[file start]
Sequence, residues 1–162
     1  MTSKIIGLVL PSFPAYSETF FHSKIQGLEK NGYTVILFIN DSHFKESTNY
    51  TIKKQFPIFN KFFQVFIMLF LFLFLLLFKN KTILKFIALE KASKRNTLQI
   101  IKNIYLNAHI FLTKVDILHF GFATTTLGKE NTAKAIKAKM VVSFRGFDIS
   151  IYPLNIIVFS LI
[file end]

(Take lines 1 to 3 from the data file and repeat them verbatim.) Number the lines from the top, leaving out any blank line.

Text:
Sequence, residues 1–162
     1  MTSKIIGLVL PSFPAYSETF FHSKIQGLEK NGYTVILFIN DSHFKESTNY
    51  TIKKQFPIFN KFFQVFIMLF LFLFLLLFKN KTILKFIALE KASKRNTLQI